Legacy Claims - McDonald (Deceased) v The National Grid Electricity Transmission Plc (Supreme Court)

  • Legal Development 22 October 2014 22 October 2014
  • UK & Europe

Supreme Court decides whether lorry driver could recover for exposure to asbestos even though he was not required to go to a particular area where dust was generated

Legacy Claims - McDonald (Deceased) v The National Grid Electricity Transmission Plc (Supreme Court)

The claimant in this case died from mesothelioma earlier this year. He had worked as a lorry driver in the 1950s, when he would drive to Battersea power station in order to collect ash (which did not contain asbestos). Whilst at the power station he would go to other areas where asbestos dust was generated by lagging work (the work in question required the mixing of asbestos powder with water). The trial judge found that his exposure to asbestos was "of a modest level on a limited number of occasions over a relatively short period of time". Furthermore, he was not required to go to those areas in order to carry out his duties. The issue in this case was whether he could nevertheless sue the occupiers of the power station for breach of their statutory duties (namely, the Asbestos Industry Regulations 1931 and the Factories Act 1937). By a majority of 3:2, the Supreme Court has now held that he could.

The majority held that the 1931 Regulations had a wide scope and applied even if the main business of the workshop/factory was not the manufacture of asbestos and the work in question took place only occasionally. The term "mixing" in the Regulations should not be given a restricted, technical meaning either. It was also held that "it would be remarkable if the group to be protected was confined to those who were carrying out the process but those who were at risk from exposure because of their proximity to it should remain unprotected".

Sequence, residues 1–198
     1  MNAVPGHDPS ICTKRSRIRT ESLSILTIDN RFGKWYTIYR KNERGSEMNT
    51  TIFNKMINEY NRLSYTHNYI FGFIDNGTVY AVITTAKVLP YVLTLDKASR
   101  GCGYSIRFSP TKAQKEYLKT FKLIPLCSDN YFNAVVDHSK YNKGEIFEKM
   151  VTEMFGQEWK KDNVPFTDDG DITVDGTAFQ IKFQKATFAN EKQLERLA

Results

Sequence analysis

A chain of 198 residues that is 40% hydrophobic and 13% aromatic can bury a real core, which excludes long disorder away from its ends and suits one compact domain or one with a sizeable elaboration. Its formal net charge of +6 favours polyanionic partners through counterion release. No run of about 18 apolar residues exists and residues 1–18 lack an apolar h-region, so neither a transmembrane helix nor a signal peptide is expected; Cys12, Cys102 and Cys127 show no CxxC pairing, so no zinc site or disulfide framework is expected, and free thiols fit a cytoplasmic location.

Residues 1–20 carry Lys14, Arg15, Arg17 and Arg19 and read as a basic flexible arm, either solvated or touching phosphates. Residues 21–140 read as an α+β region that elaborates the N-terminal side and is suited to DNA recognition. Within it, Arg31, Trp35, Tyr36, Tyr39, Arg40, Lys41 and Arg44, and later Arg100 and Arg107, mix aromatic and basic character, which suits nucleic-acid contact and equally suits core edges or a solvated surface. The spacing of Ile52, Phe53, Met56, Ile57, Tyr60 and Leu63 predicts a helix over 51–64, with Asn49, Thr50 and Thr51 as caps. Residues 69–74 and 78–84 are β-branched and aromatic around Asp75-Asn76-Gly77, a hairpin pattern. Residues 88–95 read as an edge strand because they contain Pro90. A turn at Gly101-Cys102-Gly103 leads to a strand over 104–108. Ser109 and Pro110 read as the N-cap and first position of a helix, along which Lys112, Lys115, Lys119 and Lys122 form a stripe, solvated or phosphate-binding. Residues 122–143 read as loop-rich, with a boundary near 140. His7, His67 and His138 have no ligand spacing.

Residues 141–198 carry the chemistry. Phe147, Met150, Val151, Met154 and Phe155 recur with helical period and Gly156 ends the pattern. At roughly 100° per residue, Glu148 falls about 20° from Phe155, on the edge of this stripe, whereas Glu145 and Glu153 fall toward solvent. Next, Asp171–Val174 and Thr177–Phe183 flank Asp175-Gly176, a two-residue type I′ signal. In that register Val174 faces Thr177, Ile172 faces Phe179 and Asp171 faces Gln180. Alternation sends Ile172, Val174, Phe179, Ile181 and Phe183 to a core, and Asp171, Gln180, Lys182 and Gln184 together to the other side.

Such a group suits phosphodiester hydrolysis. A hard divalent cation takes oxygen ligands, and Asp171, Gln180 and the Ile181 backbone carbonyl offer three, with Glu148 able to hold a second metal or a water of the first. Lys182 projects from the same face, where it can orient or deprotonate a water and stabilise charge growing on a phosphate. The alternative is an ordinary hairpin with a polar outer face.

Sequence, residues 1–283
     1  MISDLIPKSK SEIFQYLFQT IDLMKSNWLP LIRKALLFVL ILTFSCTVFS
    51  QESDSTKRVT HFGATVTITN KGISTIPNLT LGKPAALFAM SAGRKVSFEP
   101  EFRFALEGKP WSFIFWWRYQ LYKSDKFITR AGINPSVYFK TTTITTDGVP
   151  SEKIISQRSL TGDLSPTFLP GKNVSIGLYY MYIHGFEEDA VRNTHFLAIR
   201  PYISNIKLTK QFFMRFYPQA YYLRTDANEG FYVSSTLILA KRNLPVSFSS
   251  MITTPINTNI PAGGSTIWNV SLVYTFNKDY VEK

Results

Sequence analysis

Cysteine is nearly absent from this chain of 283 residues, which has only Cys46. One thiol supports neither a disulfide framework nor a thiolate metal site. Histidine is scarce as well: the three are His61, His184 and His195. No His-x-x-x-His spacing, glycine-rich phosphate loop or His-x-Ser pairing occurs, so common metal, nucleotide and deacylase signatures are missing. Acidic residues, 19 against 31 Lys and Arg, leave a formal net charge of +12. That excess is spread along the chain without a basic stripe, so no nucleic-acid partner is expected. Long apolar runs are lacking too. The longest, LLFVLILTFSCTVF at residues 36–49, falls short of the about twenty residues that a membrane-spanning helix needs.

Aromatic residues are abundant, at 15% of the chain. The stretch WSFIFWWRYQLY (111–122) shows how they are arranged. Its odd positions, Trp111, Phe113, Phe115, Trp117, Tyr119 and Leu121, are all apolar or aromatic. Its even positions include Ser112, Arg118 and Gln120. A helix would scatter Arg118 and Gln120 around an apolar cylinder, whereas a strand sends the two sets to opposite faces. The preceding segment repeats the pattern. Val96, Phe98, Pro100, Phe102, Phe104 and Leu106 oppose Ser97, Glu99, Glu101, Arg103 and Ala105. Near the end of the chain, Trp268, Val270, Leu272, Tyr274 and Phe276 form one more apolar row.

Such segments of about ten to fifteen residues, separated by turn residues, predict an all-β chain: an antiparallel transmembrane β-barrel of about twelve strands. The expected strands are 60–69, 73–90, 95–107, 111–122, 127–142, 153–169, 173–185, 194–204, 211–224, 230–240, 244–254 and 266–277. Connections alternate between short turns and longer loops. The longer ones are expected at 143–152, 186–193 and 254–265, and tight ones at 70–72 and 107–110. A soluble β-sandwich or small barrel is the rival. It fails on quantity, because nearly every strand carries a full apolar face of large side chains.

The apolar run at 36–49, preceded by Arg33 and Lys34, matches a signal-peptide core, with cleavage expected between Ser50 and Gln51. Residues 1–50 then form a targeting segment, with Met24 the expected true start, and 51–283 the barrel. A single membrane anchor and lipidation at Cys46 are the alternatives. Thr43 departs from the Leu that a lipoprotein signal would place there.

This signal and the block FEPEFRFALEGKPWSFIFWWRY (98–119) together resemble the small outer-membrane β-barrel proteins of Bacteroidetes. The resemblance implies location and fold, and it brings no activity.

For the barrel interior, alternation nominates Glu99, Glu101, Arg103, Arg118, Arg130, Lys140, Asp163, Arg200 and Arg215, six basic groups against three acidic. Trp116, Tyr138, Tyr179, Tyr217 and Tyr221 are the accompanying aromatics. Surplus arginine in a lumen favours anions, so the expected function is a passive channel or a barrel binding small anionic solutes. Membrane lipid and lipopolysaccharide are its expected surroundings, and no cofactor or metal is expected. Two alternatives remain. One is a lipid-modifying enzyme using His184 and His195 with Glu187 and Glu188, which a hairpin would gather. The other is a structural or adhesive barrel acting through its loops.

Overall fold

Nor did it matter that the claimant was not employed by the occupiers of the power station and was not required to go the that part of the site where he inhaled the dust which led to his development of mesothelioma. Citing an earlier Court of Appeal decision, it was held that there was nothing in the 1937 Act to justify the "gloss" that an employed person is protected only so long as he is acting within the scope of his employment.

The occupiers were under a duty to take practicable measures whenever a considerable quantity of (any kind of, not just injurious) dust was given off, and it did not matter whether that quantity of dust was considerable at the moment of inhalation.


  • Whilst the claim is bought under the Asbestos Industry Regulations 1931, the burden of proof of establishing that an exception to liability is on the occupier (rather than the Claimant proving he comes within the regulations)

  • Claimants are more likely to succeed with pre-1965 (the generally accepted date of knowledge for mesothelioma) exposure cases. The position in the Court of Appeal case of Cherry Trees 2001 therefore remains unchanged.

  • Further cases that have previously not been brought may now surface. Defendants are still able to defend against these earlier cases if the process did not involve “mixing”

  • Section 47 applies to all types of dust and fumes, bringing bronchitis, silicosis, asthma and cancer within the remit

  • Practically, Defendants will need produce evidence to show either that the initial production of dust was not “substantial” or that they took the practicable steps, as required by s.47(1)

  • Given the wide interpretation of “person employed” in the Factories Act 1937 insurers may now see cases previously regarded as public liability are now brought under employers’ liability


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